I looked at #ditchbook. From my browsing I saw educators talking about some technological resources that are helpful. I saw tweets about google slides templates, google forms, and virtual field trips.
I looked at #kinderchat and loved it. I mostly read from their discussion on Monday where the discussed the use of play in the lessons. There was discussion on how the older grades should use the same value of play when it comes to learning to promote higher thinking, independence, and problem solving.
I love seeing the theory of loose part play in this chat. I came across multiple images of random objects and teachers saying kindergartners may play if something is in their reach.
I set up a TweetDeck and used the instructional video posted above to help me. I played around with different # to follow and found some that I liked the best after some trial and error. I think playing around with it for few minutes helps you get the gist of it pretty quickly. I’m interested to find more topics to follow
You are able to get an idea of what other classrooms look like and what resources they have in their classrooms. You are able to ask questions and other educators can respond to your questions. When using twitter chats you get so many new ideas, resources and so much more about everything that has to do with teaching.
When looking at the twitter chats, it reminded me of a twitter chain, it was a little hectic for my personal liking but I found that there was good information, my only issue is anyone can participate in the chats, which can lead to false information and people who aren’t in the education field, which is fine but as a teacher and for my PLN’s I would want to hear from other teachers who are in the classroom and who have had experience, not parents, principals, other professionals who think they know about teaching etc. Teachers are the only people I want to get information from.
In the #kinderchat , I thought the conversation around Loose Play was very interesting. I liked how one person talked about how she carefully curates the toys in the room so that even though the children are loose playing, she still has some structure involved.
When I searched #education in twitter, there were several different chats that popped up. Some examples are videos about interior angles, images and directions for making cookies, a video about the “Top 10 Universities” as well as images of students working in a classroom. The shows that one simple hashtag or “chat” can bring up so many different topics and ideas.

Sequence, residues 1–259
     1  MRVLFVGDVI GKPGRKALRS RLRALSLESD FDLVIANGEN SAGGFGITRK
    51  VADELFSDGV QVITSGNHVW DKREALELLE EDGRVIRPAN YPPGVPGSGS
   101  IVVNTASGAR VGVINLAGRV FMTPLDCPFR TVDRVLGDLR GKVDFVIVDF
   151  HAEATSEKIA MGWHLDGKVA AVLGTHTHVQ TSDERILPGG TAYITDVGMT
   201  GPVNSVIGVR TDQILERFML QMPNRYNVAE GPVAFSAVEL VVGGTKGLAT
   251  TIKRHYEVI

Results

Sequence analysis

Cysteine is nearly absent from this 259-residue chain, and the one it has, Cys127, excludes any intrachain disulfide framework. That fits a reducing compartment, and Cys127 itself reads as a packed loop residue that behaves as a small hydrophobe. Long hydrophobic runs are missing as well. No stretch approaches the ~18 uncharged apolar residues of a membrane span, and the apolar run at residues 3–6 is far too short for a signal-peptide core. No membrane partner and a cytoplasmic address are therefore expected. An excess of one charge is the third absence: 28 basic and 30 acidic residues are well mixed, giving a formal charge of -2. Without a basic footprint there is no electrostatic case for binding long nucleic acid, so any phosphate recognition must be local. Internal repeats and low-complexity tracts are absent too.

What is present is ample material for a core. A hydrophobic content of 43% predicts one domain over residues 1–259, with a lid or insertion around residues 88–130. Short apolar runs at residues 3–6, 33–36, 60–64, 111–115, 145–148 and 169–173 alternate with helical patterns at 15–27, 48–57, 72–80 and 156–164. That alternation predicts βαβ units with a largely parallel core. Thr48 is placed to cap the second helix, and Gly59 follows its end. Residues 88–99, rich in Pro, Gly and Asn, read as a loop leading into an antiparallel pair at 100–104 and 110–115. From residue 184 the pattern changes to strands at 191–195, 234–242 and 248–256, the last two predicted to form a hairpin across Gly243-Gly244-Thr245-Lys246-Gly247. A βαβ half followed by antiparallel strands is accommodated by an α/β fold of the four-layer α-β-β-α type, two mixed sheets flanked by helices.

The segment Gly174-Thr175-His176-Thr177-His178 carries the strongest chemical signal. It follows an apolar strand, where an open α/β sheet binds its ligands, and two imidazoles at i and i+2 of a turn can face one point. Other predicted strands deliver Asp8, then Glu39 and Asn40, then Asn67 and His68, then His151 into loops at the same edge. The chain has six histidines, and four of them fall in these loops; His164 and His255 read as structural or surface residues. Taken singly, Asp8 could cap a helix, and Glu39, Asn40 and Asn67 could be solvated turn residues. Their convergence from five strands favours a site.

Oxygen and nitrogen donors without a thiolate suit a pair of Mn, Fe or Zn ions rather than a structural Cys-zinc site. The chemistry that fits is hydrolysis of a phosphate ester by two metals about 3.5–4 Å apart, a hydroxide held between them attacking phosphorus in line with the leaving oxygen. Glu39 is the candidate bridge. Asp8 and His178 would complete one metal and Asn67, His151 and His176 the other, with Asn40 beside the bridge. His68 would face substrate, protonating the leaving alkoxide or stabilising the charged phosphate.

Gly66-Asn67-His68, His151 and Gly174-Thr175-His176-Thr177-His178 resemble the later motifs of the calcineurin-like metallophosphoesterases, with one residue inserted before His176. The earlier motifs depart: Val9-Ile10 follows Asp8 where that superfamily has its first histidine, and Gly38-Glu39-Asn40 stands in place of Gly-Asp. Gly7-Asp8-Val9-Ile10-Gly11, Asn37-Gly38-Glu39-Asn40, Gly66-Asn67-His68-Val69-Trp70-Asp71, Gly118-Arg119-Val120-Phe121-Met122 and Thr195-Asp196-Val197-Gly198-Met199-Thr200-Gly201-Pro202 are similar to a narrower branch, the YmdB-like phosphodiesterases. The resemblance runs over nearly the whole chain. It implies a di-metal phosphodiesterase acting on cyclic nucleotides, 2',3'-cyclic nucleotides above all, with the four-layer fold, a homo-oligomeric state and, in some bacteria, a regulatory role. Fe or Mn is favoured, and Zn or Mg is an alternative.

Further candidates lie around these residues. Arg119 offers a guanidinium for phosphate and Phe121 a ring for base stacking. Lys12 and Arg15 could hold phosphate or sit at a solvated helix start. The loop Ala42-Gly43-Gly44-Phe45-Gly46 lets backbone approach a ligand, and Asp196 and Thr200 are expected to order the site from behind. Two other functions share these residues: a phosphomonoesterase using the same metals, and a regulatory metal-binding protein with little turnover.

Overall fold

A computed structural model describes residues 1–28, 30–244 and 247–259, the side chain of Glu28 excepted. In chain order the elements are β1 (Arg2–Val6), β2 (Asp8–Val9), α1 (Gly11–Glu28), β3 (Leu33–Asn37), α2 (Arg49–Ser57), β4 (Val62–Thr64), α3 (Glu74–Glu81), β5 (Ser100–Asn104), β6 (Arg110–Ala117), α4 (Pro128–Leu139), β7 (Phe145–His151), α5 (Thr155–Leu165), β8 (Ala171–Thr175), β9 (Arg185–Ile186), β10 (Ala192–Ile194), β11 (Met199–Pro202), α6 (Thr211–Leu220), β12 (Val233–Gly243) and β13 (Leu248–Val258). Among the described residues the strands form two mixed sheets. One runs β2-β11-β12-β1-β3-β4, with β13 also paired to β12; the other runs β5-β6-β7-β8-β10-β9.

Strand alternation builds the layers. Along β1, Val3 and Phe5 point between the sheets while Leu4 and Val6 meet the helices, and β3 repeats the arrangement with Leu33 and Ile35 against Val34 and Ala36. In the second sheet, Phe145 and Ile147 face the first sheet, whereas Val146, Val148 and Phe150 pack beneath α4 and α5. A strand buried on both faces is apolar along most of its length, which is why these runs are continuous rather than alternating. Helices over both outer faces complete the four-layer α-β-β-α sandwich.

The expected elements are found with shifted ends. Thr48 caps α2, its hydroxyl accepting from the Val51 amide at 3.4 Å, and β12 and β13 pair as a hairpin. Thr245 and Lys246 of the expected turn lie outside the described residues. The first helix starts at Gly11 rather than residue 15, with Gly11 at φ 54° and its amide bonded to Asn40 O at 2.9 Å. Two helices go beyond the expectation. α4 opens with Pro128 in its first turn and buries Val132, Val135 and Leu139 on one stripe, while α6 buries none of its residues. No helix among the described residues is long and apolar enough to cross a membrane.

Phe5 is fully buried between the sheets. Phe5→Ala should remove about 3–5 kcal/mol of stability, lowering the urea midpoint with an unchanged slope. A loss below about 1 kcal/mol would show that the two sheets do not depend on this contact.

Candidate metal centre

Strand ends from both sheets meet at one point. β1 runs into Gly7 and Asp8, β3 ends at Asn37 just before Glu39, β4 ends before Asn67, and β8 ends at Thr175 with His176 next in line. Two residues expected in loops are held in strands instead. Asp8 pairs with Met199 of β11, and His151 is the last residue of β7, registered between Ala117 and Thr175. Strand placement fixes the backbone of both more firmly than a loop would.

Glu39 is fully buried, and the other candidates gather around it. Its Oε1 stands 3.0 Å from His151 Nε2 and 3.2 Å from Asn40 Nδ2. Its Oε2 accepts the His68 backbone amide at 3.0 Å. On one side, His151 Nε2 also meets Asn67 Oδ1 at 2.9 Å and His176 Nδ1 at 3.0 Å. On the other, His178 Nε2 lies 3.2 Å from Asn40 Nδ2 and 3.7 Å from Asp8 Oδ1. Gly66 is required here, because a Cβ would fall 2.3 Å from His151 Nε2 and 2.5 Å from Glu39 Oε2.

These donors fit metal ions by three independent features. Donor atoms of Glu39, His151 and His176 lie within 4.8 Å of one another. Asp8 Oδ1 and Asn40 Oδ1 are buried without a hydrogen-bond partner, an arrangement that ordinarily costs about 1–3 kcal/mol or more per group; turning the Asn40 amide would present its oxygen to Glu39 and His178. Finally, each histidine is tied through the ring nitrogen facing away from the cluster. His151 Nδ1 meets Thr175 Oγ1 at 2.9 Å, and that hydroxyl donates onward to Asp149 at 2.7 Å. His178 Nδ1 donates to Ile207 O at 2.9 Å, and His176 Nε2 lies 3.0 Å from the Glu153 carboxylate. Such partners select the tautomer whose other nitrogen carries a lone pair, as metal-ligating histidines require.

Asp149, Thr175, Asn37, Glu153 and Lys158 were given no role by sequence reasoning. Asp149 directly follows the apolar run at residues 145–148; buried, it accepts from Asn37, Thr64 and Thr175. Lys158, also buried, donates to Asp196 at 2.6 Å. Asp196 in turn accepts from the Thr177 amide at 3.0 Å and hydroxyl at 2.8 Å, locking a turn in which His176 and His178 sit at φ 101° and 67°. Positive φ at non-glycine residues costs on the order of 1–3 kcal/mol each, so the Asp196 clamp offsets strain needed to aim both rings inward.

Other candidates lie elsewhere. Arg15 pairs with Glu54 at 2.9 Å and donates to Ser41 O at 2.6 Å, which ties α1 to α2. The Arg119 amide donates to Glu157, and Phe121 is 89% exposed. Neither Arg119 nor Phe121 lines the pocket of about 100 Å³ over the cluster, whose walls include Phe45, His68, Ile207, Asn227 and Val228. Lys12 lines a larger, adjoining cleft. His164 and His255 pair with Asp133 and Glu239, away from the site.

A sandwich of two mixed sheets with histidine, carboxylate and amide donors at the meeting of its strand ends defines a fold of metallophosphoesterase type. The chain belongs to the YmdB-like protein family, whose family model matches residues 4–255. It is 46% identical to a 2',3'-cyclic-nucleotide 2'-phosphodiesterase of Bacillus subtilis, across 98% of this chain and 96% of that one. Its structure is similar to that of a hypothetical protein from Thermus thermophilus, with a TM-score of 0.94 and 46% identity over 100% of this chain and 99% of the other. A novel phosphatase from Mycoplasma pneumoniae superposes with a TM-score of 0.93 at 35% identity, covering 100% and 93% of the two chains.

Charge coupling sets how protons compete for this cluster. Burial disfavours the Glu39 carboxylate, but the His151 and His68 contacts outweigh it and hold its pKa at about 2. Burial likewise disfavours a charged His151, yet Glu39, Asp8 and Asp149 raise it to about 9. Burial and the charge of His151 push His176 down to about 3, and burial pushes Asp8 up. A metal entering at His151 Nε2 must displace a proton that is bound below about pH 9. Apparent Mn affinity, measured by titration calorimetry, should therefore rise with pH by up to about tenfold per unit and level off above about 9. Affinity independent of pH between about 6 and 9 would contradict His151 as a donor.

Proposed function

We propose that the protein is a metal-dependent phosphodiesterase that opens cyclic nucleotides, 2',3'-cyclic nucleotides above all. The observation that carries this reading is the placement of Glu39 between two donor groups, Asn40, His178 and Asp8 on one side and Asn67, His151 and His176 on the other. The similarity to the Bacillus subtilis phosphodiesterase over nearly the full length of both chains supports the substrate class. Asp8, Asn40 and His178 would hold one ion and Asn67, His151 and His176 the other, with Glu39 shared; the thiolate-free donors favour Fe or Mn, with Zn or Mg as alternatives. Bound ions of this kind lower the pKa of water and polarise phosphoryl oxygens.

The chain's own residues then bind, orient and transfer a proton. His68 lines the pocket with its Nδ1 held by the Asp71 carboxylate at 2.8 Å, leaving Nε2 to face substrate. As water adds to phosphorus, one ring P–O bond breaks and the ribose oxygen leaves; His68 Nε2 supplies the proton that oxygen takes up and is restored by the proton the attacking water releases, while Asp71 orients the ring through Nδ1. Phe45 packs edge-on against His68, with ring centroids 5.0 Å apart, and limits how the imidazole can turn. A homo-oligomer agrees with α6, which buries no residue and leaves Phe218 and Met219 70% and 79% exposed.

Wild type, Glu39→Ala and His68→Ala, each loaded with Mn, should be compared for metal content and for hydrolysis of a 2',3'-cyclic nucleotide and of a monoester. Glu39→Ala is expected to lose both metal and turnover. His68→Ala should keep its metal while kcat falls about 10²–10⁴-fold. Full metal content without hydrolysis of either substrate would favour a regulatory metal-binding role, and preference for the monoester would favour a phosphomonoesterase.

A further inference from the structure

I looked into #kinderchat, the little chat that could, and it looks like they’ve written a book that’s apparently it’s a friendly guide to the early education classroom! They cover topics from setting up a classroom to routines to actively connecting with parents.
#edchat has equal parts useful resources/threads, self promotion, and divisive rhetoric. I do like how twitter’s search function works, however. Filtering within #edchat is possible and I found a lot of good free resources for teachers, specifically technology.
Links and information for teachers were abundant when I googled #teacherchat. I noticed that the comments on these tweets were primarily made by teachers chatting with one another about educational issues. I think using twitter chat, you may find buddies on the internet very quickly.
Side note: Sometimes, people do not always agree with you
#scienceed pulls up some really great resources!
In browsing #langchat I found a thread started by @alenord about using “chat mats” to give students a variety of language options for creating conversation. In this case, the chat mat listed adjectives for describing personality, character, and more. Students then had the language at their fingertips to describe themselves and their classmates in Spanish.
Just by typing in #math you can find a countless amount of helpful accounts and websites. One of my hashtags that I use is #mathiscool and #mathisfun. By using these hashtags I have found some cool activities through those hashtags. Twitter has been such a helpful friend to me and my classroom